City tops list of crime against foreign tourists

According to the National Crime Records Bureau’s (NCRB) Crime in India 2014 report, out of total 384 cases of crime against foreign tourists registered in 2014, 135 were recorded in Delhi alone. The is the highest among all the states.

In Delhi, trouble often starts at the airport itself.

“In June last year, a taxi driver was arrested by a police constable outside Indira Gandhi International Airport when he was trying to catch hold of passengers by pulling their luggage, promising them cheap taxi service, accommodation and shopping, thus harassing and obstructing their way,” says a Delhi Police officer.

For citizens of certain nationalities, even police offer no solution to their problems.
“Two months back in west Delhi, my friend’s car was damaged by some youngsters as it had brushed their car slightly. When my friend informed one of his friends, he arrived there to see him. However, the locals assumed that my friend had called his friend for help to take revenge, and in the process, he got beaten up by the locals there,” says Huava, a Nigerian studying in Delhi.

“After that, we informed police. A complaint was registered but they kept on asking us to come next day to get the compensation. For five continuous days, we were kept in the impression that we would be getting some financial help by saying ‘come tomorrow’ but we never got any help,” she adds.

Ivan, a website developer from Moscow who frequently visits India with his wife, feels things have changed.

“I have been coming here for the last 10 years. I have seen a marked change in the behaviour of Indians in the last three-four years as they have started to ape the West in terms of materialistic growth and in the process, forgetting the values which traditionally had held society for so long,” opines Ivan.

Most foreigners feel taxi drivers and shopkeepers are the ones who trouble them the most and the response of police remain casual.

To help tourists, the tourist police wing which falls under the police control room of Delhi Police is deployed at 10 locations – IGI Airport, New Delhi railway station, Hazarat Nizamuddin railway station, Raj Ghat, Red Fort, Qutub Minar, Palika Bazar, Janpath, India Gate and Paharganj.

However, the problem with the current system are also many. Instead of being positioned at places like platforms of railway stations and entries to monuments, the staff keeps sitting in the PCR van parked in a corner.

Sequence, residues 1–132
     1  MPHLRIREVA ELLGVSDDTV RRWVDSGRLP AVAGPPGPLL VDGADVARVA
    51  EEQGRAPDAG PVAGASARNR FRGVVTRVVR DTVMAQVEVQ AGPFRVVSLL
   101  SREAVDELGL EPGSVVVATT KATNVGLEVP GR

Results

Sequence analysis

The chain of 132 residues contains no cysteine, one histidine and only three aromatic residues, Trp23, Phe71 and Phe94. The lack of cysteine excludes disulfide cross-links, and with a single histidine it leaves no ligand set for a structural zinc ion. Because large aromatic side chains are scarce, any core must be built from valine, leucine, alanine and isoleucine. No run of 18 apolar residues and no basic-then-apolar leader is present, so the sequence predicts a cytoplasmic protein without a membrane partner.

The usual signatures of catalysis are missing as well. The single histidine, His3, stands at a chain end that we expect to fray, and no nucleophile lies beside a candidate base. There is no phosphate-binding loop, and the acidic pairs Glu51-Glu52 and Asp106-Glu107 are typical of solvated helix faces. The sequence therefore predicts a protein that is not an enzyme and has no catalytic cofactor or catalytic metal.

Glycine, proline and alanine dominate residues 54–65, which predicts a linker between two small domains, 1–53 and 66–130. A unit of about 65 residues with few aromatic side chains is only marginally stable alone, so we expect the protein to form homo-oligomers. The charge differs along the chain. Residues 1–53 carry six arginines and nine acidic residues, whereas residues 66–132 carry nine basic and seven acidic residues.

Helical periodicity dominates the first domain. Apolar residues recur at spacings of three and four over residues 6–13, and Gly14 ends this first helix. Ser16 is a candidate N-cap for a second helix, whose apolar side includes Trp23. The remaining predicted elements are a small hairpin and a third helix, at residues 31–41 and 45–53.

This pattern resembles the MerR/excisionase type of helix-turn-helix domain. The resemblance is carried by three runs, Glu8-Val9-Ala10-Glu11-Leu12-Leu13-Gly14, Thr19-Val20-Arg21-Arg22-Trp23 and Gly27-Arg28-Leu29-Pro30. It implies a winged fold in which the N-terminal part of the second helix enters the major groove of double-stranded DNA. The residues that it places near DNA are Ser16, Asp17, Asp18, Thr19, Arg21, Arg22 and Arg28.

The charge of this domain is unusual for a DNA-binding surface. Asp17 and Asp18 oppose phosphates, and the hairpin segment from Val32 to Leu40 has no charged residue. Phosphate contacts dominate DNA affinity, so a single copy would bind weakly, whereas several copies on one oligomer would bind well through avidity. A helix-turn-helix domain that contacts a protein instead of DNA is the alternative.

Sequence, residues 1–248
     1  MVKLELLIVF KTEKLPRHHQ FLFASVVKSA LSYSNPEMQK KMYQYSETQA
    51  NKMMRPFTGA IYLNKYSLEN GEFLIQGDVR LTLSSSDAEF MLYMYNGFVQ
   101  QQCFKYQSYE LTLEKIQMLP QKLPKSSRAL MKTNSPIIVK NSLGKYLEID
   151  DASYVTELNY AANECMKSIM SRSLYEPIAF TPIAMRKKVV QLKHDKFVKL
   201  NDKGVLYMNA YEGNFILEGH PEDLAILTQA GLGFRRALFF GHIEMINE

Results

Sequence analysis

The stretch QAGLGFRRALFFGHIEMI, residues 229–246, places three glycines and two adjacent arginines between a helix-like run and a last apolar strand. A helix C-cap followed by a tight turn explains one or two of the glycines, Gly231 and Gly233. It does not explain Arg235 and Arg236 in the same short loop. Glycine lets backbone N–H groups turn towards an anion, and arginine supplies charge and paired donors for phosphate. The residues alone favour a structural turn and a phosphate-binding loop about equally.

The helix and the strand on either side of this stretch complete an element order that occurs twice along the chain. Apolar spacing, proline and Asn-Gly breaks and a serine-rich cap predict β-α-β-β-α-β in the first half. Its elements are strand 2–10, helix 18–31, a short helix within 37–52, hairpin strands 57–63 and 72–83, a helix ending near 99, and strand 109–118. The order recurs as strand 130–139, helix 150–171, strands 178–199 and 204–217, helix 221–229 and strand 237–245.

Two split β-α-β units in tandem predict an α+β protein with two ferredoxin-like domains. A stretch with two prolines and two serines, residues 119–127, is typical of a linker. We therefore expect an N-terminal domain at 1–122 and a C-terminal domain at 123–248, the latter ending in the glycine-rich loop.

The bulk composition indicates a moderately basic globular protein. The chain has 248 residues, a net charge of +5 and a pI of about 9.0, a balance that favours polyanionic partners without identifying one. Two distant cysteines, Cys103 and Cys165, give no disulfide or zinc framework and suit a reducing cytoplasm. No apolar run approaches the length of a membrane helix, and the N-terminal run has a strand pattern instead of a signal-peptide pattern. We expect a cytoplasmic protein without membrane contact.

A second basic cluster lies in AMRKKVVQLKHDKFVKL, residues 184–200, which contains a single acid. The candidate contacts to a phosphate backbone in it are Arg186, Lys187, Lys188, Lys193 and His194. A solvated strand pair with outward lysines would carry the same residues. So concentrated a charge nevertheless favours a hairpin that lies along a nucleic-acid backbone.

“Tourist at times face several problems related to transport, accommodation, getting tourism-related information, and many times they fall victim to cheats and touts, losing their belongings and valuables,” says a police officer. The officers claim to be trained in public handling and about the city by Delhi Tourism. Their primary objective is to avoid harassment to the tourist by touts.

“We also help guide tourists on local conditions of law and order, security and hazards and places for medical help. We are also approached on matters relating to passport, visas, exchange of currency and on immigration issues,” the officer adds.

It may have helped in creating a secure atmosphere, but many visitors say they are unaware of this service.

Foreign tourists such as Richard from England say policemen are generally nice and helped with directions, but many visitors are apprehensive about their security.

“At night, we don’t feel safe even in crowded places,” says Amber from the USA. She adds that she has to be restrained in public to avoid drawing attention.

“Our travelling group of three women always remains together after being followed while leaving a pub one evening,” Amber tells Deccan Herald.

Ahead of the 2010 Commonwealth Games, there were also plans to set up a police station exclusively to deal with foreign tourists, with its personnel having a good command over English. The police station was to come up at Paharganj, but it never turned into reality.

Last month, the Delhi High Court also observed that the activity of touts and malpractice against tourists have spiked because of lack policemen outside airport and railways stations.

The court made the observation while convicting an autorickshaw driver under the Delhi Prevention of Touting and Malpractices against Tourists Act for luring passengers at the domestic airport.

“Owing to the lack of effective policing in these places, the cab drivers and autorickshaw drivers lure passengers by promising them cheap hotels, low fare travel and other benefits. If the passengers resist the offer, they are mistreated,” the court observed.

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